Take into account the type of cooler you’ll have access to. Melted ice can easily seep into packaging and make crusty bread soggy or a block of cheese slick with water. You might need to store everything in tupperware or waterproof containers inside the cooler. This also prevents cross-contamination between uncooked meats and other items. Some coolers come with built in trays that sit above the ice for this very reason.
Packing your cooler correctly also entails taking into account the type of containers your prepackaged food is bought in. Cardboard egg and milk cartons will need to be replaced with tupperware canisters or specially made egg holders that you can buy at outdoor sporting goods stores.
Helpful Tip: Pack your cooler last thing in the car the day of your trip. This will keep the cooler and perishables as cold as possible before sitting in a hot car.
4. Plan for Inclement Weather
Being in the great outdoors equals unexpected rain showers or gusty winds. This doesn’t mean you’ll be scooping cold beans out of a can for dinner though. There are several ways to get hot, delicious food on the picnic table despite weather woes.
The number one piece of equipment that will help you out the most during a storm will be a tarp. Secure it with rope or bungee cords so that it covers your stove set up and table. Be cautious that you allow enough ventilation and airflow underneath the tarp so that smoke and gas fumes can escape.
Most reputable camping stoves have a windscreen attachment or built-in to enable your stove to continue burning consistently in gusty breezes and prevent wildfires. These windscreens not only keep your stove lit the entire cooking process, but also aid in prevention of gas leaks. If your stove top burner blows out while you’re busy setting up the tent or tending to the campsite, gas from the canister will continue to escape which wastes fuel, or on the serious end of the spectrum, can cause sickness from gas inhalation. The last thing you’ll want on a camping trip is an evening drive on unfamiliar roads to the local emergency room..
Helpful Tip: If your stove top doesn’t have a built in windscreen, use a large piece of aluminum foil to create a makeshift windscreen. It’s another reason to pack this handy kitchen item!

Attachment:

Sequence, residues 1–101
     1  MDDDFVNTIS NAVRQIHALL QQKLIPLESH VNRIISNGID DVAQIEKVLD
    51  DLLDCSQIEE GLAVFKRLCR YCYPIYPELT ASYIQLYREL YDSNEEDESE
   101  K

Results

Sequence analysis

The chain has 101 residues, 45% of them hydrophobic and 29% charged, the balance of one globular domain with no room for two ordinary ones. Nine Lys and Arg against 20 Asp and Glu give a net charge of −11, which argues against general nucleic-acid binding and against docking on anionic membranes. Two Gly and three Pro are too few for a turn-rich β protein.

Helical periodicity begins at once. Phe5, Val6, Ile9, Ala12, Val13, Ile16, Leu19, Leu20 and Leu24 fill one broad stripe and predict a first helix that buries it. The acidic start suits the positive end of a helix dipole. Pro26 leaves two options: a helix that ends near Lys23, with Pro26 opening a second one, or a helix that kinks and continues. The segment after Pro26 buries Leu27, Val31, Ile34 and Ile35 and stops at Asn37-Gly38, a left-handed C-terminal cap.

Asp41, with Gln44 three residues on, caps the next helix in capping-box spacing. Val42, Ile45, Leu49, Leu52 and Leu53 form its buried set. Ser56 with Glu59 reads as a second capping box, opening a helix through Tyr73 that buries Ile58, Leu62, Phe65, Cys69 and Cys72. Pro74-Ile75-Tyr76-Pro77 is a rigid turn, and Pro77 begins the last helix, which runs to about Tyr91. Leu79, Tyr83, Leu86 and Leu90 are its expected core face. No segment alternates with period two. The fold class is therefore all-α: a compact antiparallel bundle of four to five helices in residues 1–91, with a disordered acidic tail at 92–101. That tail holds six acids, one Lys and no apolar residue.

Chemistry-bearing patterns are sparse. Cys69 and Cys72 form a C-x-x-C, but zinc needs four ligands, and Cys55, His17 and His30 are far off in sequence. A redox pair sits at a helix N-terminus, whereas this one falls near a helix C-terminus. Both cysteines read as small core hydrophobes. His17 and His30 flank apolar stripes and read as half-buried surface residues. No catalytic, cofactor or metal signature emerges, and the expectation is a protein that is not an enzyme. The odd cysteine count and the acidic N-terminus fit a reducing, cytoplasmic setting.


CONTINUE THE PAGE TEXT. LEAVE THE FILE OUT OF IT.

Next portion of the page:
5. Set Up a Dedicated Kitchen Area
Like prepping your food items in advance and packing your cooler correctly, plan ahead to set up a dedicated kitchen area at your campsite. This will ensure safety for you and your fellow campers as well as make the whole cooking process as streamlined as possible.
If you’re at an established campground, most will have a picnic table and covered awning at each site. Some sites have a fresh water spigot as well, but you’ll need to check the campsite details because this isn’t a guarantee. When you arrive at your campsite, keep half of the picnic table open for your late night card games and an early morning coffee spot, keep the other half as your “kitchen”. Set your stove up adjacent to the table, with your prep area closest to you.
Coolers and tubs that contain your dry goods can come in handy as flat surfaces in a pinch, so place them in your kitchen area as well. By placing your cooking station, prep station, and serving station all in the same vicinity in your campsite, you’ll prevent anyone from accidently tripping over a hot stove or knocking food into an ant pile. This strategy will also allow for easy cleanup after meals, and less headaches when packing up on the last day of your adventure.
Helpful Tip: If you’re unsure about how to properly dispose of your trash, especially in bear country, double check with the park rangers. They are experts at keeping wild animals wild, and your campsite entact in the case that an animal decides to visit in the middle of the night.
Which of your go-to cooking when camping tips did we miss? Email us.